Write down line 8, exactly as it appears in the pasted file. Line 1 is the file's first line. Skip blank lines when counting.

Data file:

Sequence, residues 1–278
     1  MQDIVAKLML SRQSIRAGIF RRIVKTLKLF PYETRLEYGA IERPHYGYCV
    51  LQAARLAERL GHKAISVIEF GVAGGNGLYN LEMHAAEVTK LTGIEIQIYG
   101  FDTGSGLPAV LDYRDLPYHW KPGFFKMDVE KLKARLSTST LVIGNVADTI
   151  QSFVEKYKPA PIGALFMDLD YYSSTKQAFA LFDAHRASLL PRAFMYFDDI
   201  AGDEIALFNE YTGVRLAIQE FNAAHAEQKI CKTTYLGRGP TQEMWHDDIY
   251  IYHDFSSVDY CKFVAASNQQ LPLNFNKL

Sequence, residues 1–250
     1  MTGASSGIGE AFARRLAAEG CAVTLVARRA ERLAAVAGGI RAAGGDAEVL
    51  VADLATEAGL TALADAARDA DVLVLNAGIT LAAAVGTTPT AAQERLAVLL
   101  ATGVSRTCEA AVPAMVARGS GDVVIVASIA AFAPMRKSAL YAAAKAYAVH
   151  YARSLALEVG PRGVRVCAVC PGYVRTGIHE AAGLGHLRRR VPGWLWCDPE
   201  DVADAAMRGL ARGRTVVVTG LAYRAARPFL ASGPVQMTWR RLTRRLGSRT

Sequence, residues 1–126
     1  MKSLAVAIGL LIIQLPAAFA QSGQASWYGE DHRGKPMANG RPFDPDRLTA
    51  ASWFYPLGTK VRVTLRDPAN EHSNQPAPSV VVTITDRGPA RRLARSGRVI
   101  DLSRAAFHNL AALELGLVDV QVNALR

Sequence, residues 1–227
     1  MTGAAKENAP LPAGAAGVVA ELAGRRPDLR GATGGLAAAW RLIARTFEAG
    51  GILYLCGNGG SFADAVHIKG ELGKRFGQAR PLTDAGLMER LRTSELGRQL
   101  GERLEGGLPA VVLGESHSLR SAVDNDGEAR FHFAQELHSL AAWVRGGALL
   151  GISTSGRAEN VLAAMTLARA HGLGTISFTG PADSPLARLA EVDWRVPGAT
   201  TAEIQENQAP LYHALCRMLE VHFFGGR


Sequence, residues 1–250